In a surprising turn of events, Georgia Congresswoman Marjorie Taylor Greene has publicly expressed her disappointment over a recent proposal by House Speaker Mike Johnson.
The proposal, a two-step continuing resolution (CR) to fund the federal government, has been criticized for its lack of spending cuts.
Earlier this month, Johnson, a Republican from Louisiana, put forth the CR, which subsequently garnered bipartisan support. The Speaker intended to use this resolution as a means to buy the House GOP more time to reach a consensus on spending cuts. Johnson also stated that this would be his last attempt at short-term funding bills.
However, the resolution did not sit well with Congresswoman Greene. Describing it as "disappointing," Greene criticized the move for its absence of spending cuts. She dubbed it a "clean CR," a term used for a continuing resolution without spending cuts.
Greene's critique did not stop there. She expressed her expectation for more fiscal responsibility from Johnson and the GOP leadership. The Congresswoman's discontent stems from Johnson's previous opposition to a "clean CR" proposed by Kevin McCarthy.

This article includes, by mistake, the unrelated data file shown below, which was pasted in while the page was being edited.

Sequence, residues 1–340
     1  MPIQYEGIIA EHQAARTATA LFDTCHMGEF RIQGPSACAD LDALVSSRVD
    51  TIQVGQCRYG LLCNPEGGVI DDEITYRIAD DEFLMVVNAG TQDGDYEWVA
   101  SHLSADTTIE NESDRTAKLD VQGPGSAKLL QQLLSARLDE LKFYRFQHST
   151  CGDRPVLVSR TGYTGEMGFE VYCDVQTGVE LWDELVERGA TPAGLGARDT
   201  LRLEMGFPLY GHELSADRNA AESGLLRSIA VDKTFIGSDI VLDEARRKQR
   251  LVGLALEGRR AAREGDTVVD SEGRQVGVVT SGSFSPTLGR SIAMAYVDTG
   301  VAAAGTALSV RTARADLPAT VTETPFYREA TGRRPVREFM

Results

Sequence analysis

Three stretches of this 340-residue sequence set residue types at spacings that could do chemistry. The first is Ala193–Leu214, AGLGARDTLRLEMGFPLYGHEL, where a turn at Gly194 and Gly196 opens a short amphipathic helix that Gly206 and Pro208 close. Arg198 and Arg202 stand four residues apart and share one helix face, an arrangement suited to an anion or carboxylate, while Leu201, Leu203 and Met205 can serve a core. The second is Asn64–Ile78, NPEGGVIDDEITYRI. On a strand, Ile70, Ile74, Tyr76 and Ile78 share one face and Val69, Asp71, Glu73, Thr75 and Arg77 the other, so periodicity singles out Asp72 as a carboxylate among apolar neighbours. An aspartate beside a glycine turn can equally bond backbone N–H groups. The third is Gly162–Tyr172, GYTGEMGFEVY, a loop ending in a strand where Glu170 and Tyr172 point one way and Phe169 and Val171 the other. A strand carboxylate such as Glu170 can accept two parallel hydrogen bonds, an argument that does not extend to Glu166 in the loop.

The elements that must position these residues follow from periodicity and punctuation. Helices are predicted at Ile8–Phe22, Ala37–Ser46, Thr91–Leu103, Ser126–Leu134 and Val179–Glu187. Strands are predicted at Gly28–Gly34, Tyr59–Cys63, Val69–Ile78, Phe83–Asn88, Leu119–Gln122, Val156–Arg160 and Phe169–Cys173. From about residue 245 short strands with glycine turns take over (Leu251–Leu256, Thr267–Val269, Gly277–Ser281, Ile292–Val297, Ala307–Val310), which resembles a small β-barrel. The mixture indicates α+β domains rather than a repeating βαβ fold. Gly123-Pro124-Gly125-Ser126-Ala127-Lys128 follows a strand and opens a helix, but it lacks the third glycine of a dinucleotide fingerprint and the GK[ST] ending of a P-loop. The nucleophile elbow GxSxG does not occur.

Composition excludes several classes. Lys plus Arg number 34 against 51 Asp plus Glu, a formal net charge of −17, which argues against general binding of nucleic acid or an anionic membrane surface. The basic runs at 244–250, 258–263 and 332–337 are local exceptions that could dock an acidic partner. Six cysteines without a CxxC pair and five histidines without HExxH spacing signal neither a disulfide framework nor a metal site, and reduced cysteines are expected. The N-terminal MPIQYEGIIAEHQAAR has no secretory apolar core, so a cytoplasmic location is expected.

According to Greene, Republicans need to take more "real action" on fiscal matters beyond just holding hearings and issuing statements. Her discontent was voiced during a television appearance on Tuesday.
Speaking about her disappointment, Greene said:
"I was disappointed in the clean CR that he rolled out and passed. That was a very bad move – funding Joe Biden's horrible federal government and Nancy Pelosi's budget by continuing it."
She continued, expressing her surprise at Johnson's decision, given his previous stance on clean CRs.
"I was absolutely surprised because Speaker Johnson had voted against the last clean CR that Kevin McCarthy had brought out. So I didn't expect that from him, and it was really unfortunate."
Greene articulated her annoyance by indicating that her resentment directed towards Republicans is almost on par with that towards Democrats. She emphasized her conviction that there is a compelling requirement for responsibility within her own party.
She called on the GOP to match their rhetoric on fiscal restraint with "real action." Johnson has said he will not pursue any more short-term funding bills after the current continuing resolution. But Congresswoman Greene made it clear she wants to see spending cuts, not just sweeping funding bills, from the Republican-controlled House.
With Congress headed toward another debate on funding the government, Greene's criticisms signal tensions within the GOP over fiscal policy.